I can often find so many ways to feel separate, different and isolated. For example, I am an “older mom” of a 15 year old son. My peers who have children are no longer actively parenting. Their children are independent adults with children of their own. The parents of my son’s friends and classmates are significantly younger, often with young children to parent for years to come.
I am in the dreaded category of “special needs mom” as my son has ASD, a.k.a. autism. My son isn’t playing sports, or excelling academically or getting ready to drive.
Last year I did a crazy thing and took yoga teacher training, making a dramatic career change. Guess who was the oldest student in the training? Guess who didn’t have a dance, gymnastic or athletic background?
Okay, so I have never been “the girl next door”. I wasn’t popular, didn’t date much, made my own clothes and had a weird sense of humor. Many of these qualities still hold true today.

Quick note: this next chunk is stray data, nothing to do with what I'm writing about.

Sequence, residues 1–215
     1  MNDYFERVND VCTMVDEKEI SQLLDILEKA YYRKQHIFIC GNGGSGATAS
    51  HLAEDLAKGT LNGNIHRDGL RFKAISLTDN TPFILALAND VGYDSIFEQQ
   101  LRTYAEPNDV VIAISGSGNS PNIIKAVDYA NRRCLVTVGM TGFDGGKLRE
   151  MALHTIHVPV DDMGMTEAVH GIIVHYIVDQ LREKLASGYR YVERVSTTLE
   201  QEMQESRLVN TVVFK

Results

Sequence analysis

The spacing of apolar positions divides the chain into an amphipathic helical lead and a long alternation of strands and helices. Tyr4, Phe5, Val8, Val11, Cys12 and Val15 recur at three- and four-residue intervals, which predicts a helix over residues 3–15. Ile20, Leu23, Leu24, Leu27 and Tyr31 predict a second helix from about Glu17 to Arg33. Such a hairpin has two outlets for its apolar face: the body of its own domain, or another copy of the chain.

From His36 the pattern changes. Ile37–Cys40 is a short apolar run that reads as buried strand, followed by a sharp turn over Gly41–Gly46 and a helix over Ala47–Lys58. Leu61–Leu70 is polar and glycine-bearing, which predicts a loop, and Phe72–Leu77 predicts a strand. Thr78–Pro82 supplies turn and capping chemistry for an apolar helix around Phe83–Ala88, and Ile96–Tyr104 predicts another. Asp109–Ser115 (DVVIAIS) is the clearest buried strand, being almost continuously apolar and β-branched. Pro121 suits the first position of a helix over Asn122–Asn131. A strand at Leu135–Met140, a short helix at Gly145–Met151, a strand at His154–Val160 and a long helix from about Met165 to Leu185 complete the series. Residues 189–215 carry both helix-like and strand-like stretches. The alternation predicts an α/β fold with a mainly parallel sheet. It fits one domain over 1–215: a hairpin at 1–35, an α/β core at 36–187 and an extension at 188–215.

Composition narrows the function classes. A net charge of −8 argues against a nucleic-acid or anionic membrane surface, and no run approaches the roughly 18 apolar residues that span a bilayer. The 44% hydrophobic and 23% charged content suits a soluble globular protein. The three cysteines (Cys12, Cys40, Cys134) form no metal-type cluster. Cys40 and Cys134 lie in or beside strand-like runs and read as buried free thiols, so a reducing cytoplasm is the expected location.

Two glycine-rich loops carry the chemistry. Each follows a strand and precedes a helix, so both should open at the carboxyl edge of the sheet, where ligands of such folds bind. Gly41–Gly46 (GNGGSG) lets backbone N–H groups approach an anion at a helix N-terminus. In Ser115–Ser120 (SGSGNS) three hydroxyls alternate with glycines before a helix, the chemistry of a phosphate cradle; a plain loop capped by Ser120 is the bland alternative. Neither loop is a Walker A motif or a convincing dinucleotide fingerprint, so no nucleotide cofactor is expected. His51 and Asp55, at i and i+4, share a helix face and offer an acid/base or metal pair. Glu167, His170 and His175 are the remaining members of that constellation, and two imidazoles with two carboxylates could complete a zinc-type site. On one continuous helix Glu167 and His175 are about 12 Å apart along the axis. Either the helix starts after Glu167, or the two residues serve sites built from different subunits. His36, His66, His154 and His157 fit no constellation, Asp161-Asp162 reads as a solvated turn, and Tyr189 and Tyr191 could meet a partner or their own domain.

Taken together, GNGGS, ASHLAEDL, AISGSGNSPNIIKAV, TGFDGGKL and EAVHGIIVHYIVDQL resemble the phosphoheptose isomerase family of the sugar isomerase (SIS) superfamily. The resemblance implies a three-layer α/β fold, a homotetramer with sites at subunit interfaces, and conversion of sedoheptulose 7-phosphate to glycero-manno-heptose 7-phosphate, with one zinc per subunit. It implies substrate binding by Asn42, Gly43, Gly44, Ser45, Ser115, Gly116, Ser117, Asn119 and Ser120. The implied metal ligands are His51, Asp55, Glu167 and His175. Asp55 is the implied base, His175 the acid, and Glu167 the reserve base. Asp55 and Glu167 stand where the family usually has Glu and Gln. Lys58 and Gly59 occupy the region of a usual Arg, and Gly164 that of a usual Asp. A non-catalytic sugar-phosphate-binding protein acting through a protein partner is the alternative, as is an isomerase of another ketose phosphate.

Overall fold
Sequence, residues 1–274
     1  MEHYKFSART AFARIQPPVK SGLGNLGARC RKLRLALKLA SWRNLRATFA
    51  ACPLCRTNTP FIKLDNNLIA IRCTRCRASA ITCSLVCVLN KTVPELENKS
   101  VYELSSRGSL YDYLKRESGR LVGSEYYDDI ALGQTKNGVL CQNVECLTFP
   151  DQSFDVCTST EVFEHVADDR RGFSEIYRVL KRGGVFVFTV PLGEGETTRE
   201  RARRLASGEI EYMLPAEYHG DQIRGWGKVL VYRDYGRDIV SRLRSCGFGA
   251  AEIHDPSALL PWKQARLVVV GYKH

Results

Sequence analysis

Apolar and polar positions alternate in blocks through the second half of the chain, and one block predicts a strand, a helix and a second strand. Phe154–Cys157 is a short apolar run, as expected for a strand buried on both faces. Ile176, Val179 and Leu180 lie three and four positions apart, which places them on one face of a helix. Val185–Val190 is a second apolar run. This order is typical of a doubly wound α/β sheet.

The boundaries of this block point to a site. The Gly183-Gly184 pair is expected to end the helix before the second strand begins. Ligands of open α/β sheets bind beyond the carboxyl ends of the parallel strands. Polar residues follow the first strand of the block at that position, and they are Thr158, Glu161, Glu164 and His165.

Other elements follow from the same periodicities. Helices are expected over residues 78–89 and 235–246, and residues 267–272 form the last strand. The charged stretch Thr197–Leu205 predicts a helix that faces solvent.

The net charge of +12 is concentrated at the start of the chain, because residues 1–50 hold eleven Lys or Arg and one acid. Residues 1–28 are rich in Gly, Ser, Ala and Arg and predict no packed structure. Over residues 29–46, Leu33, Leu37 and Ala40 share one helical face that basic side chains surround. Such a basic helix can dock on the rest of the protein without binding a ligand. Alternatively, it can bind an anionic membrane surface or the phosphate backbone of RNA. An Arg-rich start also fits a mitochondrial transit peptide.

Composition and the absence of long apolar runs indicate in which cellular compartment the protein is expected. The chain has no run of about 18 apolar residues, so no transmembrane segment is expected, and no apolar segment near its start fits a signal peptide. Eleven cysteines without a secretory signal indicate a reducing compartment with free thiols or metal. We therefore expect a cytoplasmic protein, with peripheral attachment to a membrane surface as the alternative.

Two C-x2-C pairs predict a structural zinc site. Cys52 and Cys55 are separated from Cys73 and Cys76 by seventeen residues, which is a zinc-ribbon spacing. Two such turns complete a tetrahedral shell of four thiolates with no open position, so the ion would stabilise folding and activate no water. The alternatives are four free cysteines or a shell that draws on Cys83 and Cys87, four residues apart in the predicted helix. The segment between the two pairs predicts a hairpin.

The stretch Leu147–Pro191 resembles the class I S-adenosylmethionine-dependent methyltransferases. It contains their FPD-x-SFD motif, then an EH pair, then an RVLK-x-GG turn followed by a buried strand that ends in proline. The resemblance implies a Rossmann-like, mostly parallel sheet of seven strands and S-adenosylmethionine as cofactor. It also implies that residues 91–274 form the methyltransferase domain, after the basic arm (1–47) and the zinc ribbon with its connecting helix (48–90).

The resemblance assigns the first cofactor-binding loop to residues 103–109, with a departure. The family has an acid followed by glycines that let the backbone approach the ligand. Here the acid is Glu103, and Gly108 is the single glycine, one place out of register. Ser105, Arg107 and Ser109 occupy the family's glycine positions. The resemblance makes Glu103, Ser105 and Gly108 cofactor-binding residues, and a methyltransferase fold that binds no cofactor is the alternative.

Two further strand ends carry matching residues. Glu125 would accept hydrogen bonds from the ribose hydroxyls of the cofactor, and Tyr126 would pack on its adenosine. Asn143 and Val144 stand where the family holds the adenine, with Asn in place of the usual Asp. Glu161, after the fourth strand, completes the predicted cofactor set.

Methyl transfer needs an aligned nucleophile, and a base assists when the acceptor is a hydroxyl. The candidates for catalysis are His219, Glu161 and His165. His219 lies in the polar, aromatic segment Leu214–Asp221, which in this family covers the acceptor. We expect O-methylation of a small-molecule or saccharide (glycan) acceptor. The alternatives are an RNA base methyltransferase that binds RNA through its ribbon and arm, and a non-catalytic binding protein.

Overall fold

But I have learned that when I reach outside myself, my self-fashioned isolation, I find amazing connection. Talking with another parent about our son’s struggles with adolescence dissolves all our superficial differences. Sharing my thoughts with a young yoga teacher about creating a welcoming & fun space to practice yoga unites us in a common, passionate vision. And when I let it out (instead of taking things so seriously) people sometimes even appreciate my sense of humor.